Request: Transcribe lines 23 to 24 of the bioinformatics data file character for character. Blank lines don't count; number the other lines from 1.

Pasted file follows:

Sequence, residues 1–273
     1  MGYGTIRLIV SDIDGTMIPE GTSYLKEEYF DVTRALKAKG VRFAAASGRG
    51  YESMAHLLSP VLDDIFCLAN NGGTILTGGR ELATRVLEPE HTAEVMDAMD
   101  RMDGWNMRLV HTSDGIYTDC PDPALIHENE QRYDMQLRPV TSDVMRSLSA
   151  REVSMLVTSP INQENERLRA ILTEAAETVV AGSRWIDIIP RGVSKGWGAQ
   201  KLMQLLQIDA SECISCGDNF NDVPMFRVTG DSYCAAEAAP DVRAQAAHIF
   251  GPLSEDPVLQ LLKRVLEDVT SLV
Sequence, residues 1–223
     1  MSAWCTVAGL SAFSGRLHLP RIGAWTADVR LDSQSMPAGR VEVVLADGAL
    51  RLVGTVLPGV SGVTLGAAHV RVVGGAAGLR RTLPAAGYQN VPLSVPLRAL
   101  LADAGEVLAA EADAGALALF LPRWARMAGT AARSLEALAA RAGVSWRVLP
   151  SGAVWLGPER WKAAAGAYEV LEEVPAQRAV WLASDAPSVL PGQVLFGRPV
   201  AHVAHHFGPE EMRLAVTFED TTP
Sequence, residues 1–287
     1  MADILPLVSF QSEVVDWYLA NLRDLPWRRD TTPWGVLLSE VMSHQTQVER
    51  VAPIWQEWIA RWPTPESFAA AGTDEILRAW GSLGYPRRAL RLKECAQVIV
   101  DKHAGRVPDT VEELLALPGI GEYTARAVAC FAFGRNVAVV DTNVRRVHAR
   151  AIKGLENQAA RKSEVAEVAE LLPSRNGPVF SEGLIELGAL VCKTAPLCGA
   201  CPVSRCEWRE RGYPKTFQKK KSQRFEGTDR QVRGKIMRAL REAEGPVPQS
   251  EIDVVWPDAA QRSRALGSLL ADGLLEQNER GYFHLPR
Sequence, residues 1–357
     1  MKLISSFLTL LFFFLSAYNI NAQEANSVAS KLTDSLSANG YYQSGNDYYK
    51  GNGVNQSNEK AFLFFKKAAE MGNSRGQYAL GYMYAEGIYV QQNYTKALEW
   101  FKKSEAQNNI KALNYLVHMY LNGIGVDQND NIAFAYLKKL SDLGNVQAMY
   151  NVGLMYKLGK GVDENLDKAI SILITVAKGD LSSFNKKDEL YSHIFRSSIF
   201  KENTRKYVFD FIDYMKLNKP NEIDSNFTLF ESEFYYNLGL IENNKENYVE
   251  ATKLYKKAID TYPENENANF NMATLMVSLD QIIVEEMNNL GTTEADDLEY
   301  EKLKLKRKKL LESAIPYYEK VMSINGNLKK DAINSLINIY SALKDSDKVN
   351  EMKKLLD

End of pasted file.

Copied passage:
    51  GNGVNQSNEK AFLFFKKAAE MGNSRGQYAL GYMYAEGIYV QQNYTKALEW
   101  FKKSEAQNNI KALNYLVHMY LNGIGVDQND NIAFAYLKKL SDLGNVQAMY